STUPID and Contagious

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Stamford Bridge Blues!

The self-destruction and stupidity at Chelsea for the past while has been really upsetting to us!!
Well by “upsetting”, of course we mean “hilarious”!

A team of over-rated, useless, arrogant, aging mercenaries like Herr Bollock and Diddy Drogba, believing they’re the greatest in the world, now waking up to reality!

And another oligarch, knee-jerk, shooting in the foot, with the sack of bumbling Scolari!

There’s going to be lot of cobwebs accumulating in that trophy cabinet at the Bridge!

Chelsea will win nothing behaving like this

Tue Feb 10

by Jim White

At least there is one area where Chelsea Football Club are ahead of the game.

Currently the average tenure for a manager in English professional football is 15 months. At Stamford Bridge right now, they are running at twice that speed: their latest sacked boss was in charge for less than seven months. It suggests whoever takes over from Luis Felipe Scolari would be wise not to make any plans for a Christmas in London.

There can be no other business that takes such a reckless attitude to its most important executive position than football. How can 15 months be enough time fully to understand a place, to reach accommodation with employees, to set in motion a dynamic and attainable corporate strategy? Yet time and again, managers are sacked, suddenly, gracelessly and without any real cause (Chelsea, at the last time of sacking were involved in the sharp end of three competitions). Scolari had barely enough time to learn the route from his home to the training ground.

Mind you, compared to some he was lucky: Tony Adams was gifted all of 13 league matches by Portsmouth. Just about sufficient to fully introduce himself to his staff.

True, there are those who suggest that, had he been given from now until doomsday, Scolari would never have succeeded as Chelsea manager. Used to working as an international coach, when players arrived fully toned and fit, the suggestion is he was not up to speed with the physical needs of a club side. The talk is of poor training, of a lack of intensity in the work-outs at Cobham, of a disorganised approach to tactics (why oh why did he stubbornly refuse to station anyone on the posts when defending corners?).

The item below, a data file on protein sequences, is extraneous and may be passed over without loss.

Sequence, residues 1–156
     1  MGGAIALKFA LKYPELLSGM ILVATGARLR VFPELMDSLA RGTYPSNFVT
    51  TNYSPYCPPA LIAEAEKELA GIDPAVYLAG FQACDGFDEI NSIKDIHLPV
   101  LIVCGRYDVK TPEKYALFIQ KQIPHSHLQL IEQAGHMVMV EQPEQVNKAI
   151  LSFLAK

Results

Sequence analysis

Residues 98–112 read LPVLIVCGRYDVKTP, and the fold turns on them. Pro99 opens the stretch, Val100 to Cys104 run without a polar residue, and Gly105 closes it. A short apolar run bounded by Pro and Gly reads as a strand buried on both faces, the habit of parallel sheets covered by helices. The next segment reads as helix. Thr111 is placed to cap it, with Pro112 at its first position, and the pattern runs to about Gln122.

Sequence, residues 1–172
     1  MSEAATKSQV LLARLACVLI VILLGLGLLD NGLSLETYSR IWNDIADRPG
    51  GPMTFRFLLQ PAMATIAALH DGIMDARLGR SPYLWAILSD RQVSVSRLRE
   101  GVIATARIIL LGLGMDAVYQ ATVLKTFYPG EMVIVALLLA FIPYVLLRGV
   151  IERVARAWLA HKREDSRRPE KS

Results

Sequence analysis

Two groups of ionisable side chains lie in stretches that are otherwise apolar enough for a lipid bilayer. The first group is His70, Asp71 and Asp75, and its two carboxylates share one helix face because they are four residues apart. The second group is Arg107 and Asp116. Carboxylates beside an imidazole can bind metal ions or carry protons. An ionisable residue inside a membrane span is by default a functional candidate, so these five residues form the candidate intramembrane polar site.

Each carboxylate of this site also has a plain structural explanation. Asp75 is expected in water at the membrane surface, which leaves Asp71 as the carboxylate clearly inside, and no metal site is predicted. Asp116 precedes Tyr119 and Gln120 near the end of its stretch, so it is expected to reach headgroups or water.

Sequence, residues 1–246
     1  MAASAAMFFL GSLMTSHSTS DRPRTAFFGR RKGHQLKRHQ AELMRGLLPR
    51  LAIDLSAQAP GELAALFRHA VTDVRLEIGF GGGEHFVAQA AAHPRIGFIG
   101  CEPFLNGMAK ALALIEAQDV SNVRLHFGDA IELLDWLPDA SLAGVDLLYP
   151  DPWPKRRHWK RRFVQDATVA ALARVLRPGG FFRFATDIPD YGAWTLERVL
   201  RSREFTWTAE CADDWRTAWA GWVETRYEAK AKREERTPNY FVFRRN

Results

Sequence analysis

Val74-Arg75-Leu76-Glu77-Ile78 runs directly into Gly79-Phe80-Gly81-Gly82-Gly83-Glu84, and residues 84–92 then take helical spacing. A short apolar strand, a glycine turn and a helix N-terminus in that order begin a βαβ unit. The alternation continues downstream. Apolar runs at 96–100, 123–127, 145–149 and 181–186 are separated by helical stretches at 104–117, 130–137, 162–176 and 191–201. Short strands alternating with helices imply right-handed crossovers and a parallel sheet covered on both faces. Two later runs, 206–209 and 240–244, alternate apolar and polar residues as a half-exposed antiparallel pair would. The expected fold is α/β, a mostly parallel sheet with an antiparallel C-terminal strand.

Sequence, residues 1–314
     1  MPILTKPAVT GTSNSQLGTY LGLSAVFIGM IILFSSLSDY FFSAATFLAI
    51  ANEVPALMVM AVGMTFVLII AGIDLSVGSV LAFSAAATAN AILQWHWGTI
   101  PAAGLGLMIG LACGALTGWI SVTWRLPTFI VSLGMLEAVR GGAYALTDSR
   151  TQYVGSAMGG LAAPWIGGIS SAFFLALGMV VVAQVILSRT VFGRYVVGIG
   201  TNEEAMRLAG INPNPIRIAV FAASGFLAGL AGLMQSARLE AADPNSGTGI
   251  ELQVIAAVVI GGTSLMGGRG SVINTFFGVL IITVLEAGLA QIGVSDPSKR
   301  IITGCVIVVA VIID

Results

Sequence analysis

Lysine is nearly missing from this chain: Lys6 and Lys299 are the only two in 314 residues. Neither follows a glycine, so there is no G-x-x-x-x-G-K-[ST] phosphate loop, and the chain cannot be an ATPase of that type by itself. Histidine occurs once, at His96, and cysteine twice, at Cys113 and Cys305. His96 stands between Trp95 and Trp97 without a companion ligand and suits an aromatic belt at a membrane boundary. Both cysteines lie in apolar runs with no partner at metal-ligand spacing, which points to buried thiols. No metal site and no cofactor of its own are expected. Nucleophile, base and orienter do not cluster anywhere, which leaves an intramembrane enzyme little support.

Others point to his lack of scouting, of his foolishness in letting Steve Clarke join West Ham, of his sketchy grasp of English. Yet, all of these things are minor foibles when balanced against this inarguable truth: he has won the World Cup. The man may not yet have worked his magic at Chelsea but he did not become a bad manager overnight.

Perhaps what he needed was a bit of time to adjust. He was never going to get that at Chelsea, and the reason for that is Roman Abramovich. This was the owner’s decision all right.

Peter Kenyon may be a comedy villain in most discerning eyes, but he knows enough about English football to appreciate that nobody has won anything chopping and changing their manager twice a season. He wanted Scolari to stay.

Abramovich, however, acts like the fan ringing a phone-in. A draw against Hull, his knee jerks, and off the manager goes. Sure, it’s his train set and sure, his investment has earned him the right to set the points precisely as he wishes. But his capricious impatience is currently routing it towards a giant pile up. The error he made in ridding the club of its greatest manager back in September 2007 will never be resolved by sacking his every successor. When you are in a hole, a point is soon reached when you have to stop digging.

What must frustrate all of those trying to work under the oligarch’s whims at the Bridge is the timing here. What can a new man coming in do? The transfer window shut last week. He will have the same players to work with as Scolari. He will still have Michael Essien in the treatment room. Joe Cole will still be sidelined. Flourent Malouda will still be a disappointment. Petr Cech will still be half the keeper he was a year ago. Carlo Cudicini will still have been let go to Spurs.

And yet, in his first two games in charge, the new man will be expected to manufacture victories against opponents as tricky as Aston Villa and Juventus. Presumably, should he fail, he will be fired.

Still, he knows he will be comforted by a pay-off. It is estimated that the impatience to remove Scolari will cost Abramovich at least £7.5million. This at a club supposed to be learning to live within its means. In other words, sufficient funds to finance the purchase of a decent full-back have been chucked down the drain.

And people say banking is the most feckless business in the world.

Mail us: stupidand@gmail.com

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February 11, 2009 - Posted by | Chelsea, Football, _CARTOON, _SPORT

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